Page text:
Wednesday, February 4, 2015

I Only Have Two Eyes: 2014 Edition

Screen capture from Warner DVD of Macao
We're already well into the 2015 film-going year, but it's not too late to take time to reflect on the cinematic character of 2014 before it recedes into memory too far. One major release bucked trends by bringing 35mm and 70mm projectors back to life in a few cinema spaces. Otherwise, 35mm screenings of new films all but disappeared from the Frisco Bay screening landscape, with only the 4-Star in San Francisco and the Bluelight Cinemas in Cupertino by year's-end still regularly playing whatever new commercially-available films they're able to track down prints for from the studios still striking them. Remaining film projectors at a place like the Opera Plaza were so under-utilized in the past twelve months that learning that the venue just the other day removed them from all but one of its tiny screening rooms (installing DCP-capable equipment into its two comparatively "larger" houses) felt completely unsurprising and barely disappointing at all to me. It's safe to say that film festivals are no longer a home for 35mm either; as far as I'm aware the only new films that screened in that format at any local fests in 2014 were the throwback short Broncho Billy and the Bandit's Secret at the Broncho Billy Silent Film Festival in June, and Yoji Yamada's The Little House at Mill Valley in October.

Most of the major local festivals have only kept the embers of sprocketed film warm in 2014 either by showing 16mm works by "experimental" artists still employing celluloid, or by showing a few revival titles in 35mm. Indeed, revivals and repertory houses are now where almost all of the action is at for those who like to view light passing through 35mm strips onto screens. Frisco Bay still has venues where this is a major component of programming, as well as a growing contingent of cinema spaces finding creative ways to attract audiences out of their home-viewing patterns (which are shifting themselves) by embracing digital-age developments. I'm eager to see what 2015 will bring to the cinephiliac landscape in San Francisco and its surroundings. Changes are afoot; the Pacific Film Archive in Berkeley will be closing midyear to prepare for a move to a new, more transit-connected space; meanwhile the biggest DCP advocate among its programming team has just retired. The Alamo Drafthouse is expected to open its first branch in the region in 2015 as well, at a site within walking distance of several cherished repertory haunts. As highlighted in the new Film-Friendly Links section of the Film On Film Foundation website, Alamo CEO Tim League appears committed to involving 35mm in his company's continued expansion. I'm excited to see how that shakes out.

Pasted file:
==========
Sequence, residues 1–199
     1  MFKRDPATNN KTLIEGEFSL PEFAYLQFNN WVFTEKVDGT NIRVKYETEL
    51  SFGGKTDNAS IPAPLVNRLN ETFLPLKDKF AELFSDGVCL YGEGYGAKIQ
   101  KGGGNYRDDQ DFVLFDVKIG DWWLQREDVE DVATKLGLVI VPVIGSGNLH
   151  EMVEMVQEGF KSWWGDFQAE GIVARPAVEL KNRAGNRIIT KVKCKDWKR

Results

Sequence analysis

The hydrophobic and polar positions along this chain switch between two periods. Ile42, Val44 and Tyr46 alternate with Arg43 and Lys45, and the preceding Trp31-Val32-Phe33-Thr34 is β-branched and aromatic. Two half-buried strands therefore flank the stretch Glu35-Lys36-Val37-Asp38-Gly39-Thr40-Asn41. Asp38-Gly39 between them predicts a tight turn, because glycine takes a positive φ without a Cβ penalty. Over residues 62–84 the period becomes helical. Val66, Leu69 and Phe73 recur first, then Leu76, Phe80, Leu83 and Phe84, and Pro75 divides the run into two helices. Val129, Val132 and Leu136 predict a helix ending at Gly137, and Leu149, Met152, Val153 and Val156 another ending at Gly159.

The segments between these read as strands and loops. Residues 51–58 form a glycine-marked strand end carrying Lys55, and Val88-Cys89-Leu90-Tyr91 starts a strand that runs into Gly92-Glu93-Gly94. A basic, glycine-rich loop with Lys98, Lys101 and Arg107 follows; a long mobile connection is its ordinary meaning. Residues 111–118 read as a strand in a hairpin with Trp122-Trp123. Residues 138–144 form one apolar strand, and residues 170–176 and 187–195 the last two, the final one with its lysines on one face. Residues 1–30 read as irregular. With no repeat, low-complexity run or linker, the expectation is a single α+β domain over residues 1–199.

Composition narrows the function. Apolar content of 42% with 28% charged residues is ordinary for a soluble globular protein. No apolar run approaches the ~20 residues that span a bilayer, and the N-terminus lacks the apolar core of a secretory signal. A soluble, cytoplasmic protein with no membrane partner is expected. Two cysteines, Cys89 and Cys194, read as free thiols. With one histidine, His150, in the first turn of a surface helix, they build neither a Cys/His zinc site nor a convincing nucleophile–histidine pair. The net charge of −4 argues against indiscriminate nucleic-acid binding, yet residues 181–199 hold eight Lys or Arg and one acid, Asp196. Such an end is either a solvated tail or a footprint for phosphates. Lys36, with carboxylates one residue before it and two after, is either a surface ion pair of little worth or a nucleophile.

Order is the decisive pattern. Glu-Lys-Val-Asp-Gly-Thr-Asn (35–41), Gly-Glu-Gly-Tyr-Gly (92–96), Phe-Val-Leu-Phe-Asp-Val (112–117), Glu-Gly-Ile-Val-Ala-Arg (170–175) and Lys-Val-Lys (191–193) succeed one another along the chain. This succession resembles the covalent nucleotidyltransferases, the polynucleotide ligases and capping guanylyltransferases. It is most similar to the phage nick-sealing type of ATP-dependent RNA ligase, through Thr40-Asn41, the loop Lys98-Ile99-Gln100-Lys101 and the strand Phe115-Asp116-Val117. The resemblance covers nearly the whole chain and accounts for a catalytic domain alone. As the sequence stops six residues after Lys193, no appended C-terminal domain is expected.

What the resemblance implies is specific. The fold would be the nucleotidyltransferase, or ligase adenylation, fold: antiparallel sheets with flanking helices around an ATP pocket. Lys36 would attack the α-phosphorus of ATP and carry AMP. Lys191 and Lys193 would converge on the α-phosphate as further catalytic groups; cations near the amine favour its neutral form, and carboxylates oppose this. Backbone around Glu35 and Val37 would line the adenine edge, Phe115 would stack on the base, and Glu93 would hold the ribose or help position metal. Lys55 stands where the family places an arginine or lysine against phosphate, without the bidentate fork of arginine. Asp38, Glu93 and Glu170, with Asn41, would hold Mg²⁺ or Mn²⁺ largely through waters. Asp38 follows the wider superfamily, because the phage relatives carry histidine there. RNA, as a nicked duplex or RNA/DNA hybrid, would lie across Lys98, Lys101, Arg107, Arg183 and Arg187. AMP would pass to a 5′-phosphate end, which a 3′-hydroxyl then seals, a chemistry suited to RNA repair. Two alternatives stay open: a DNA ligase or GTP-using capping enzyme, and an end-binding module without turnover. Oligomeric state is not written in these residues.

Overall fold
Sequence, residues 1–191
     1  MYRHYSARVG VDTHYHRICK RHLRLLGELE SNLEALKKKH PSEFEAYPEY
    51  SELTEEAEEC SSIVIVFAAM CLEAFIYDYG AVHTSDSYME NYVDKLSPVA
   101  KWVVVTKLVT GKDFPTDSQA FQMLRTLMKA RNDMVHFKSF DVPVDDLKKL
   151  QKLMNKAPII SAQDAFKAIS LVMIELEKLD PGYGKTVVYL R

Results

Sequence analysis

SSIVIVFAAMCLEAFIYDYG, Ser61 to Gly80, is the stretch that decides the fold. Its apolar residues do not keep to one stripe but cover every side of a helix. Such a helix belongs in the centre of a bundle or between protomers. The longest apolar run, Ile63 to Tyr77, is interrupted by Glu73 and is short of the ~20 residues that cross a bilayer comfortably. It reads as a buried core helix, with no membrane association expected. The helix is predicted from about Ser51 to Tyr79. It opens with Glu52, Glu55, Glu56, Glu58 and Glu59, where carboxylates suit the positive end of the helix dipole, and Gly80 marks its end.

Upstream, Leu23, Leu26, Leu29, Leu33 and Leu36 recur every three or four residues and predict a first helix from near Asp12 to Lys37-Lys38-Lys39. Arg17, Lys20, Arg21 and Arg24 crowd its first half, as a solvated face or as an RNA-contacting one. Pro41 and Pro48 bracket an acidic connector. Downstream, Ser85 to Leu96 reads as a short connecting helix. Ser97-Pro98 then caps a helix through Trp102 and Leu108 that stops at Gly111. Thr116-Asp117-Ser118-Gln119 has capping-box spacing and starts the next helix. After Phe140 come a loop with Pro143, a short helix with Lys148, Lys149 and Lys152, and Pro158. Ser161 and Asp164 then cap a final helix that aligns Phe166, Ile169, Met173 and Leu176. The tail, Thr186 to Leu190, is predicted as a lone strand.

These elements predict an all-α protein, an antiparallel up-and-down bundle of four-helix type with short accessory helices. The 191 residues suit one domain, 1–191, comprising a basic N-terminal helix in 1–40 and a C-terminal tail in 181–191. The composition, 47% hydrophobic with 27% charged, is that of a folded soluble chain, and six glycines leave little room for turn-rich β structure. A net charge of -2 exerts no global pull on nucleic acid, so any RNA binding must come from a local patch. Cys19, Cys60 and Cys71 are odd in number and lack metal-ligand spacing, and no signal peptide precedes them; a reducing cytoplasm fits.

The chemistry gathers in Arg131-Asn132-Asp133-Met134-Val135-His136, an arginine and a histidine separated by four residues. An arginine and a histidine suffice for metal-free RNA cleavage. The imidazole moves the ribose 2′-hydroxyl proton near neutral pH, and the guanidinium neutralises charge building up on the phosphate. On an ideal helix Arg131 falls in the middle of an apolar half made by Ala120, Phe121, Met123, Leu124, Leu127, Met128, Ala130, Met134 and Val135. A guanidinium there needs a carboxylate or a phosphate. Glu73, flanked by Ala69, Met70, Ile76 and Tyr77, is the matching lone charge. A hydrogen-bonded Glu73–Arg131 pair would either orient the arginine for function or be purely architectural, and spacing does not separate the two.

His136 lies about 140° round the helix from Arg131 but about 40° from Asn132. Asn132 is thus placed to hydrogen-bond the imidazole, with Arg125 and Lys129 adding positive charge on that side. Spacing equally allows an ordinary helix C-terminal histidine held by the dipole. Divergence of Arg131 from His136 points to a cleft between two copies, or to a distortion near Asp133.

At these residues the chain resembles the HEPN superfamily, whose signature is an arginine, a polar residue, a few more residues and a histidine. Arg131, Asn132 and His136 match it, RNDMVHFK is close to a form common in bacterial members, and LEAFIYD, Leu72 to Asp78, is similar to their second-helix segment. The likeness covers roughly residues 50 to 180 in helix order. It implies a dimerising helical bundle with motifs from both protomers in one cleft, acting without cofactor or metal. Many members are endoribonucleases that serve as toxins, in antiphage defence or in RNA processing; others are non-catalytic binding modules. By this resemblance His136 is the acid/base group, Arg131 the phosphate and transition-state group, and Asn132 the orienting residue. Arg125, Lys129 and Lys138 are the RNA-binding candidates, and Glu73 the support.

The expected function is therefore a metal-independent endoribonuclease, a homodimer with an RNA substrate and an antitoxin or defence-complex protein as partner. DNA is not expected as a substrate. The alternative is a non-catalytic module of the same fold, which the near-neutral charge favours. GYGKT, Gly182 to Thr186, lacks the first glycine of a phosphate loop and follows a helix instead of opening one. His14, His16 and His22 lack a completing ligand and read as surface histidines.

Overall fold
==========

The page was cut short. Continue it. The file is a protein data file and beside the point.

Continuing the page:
My annual "I Only Have Two Eyes" survey of local cinephiles' favorite screenings of revival and repertory films may have more mentions of digital screenings than ever for 2014, but as you'll see as I unveil the various contributions over the next week or so, there is plenty of diversity of format, venue, and of course the films themselves, in their selections. I'm so pleased to have gotten a strong turnout for this year's poll, including many participants from the past seven years when I've conducted it, as well as new "faces". Enjoy perusing their lists and comments as more are added!

January 26: Veronika Ferdman, who writes for Slant Magazine, In Review Online and elsewhere.
January 26: Lucy Laird, Operations Director for the SF Silent Film Festival.
January 27: Michael Hawley, who blogs at his own site film-415.
January 27: Jesse Hawthorne Ficks, educator at the Academy of Art & MiDNiTES FOR MANiACS
January 28: Margarita Landazuri, who writes for Turner Classic Movies & elsewhere.
January 28: Ben Armington, Box Cubed Box Office guy for many Bay Area Film Festivals.
January 29: Terri Saul, a visual artist who posts capsule reviews on Letterboxd.
January 29: Lincoln Spector, the proprietor of Bayflicks.
January 30: Michael Guillén, schoolmaster of The Evening Class and contributor to other publications.
January 30: David Robson, editorial director of Jaman and caretaker of The House of Sparrows.
January 31: Jonathan Kiefer, critic for SF Weekly and the Village Voice.
January 31: Adrianne Finelli, artist, educator, and co-curator of A.T.A.'s GAZE film series.
February 1: Haroon Adalat, a designer, illustrator and video editor.
February 1: Maureen Russell, cinephile and Noir City film festival volunteer.
February 2: Ryland Walker Knight, a writer and filmmaker with a new short at SF IndieFest.
February 2: Carl Martin, film projectionist and keeper of the FOFF Bay Area Film Calendar.
February 3: Claire Bain, an artist, filmmaker and writer.
February 4: Brian Darr, a.k.a. yours truly.

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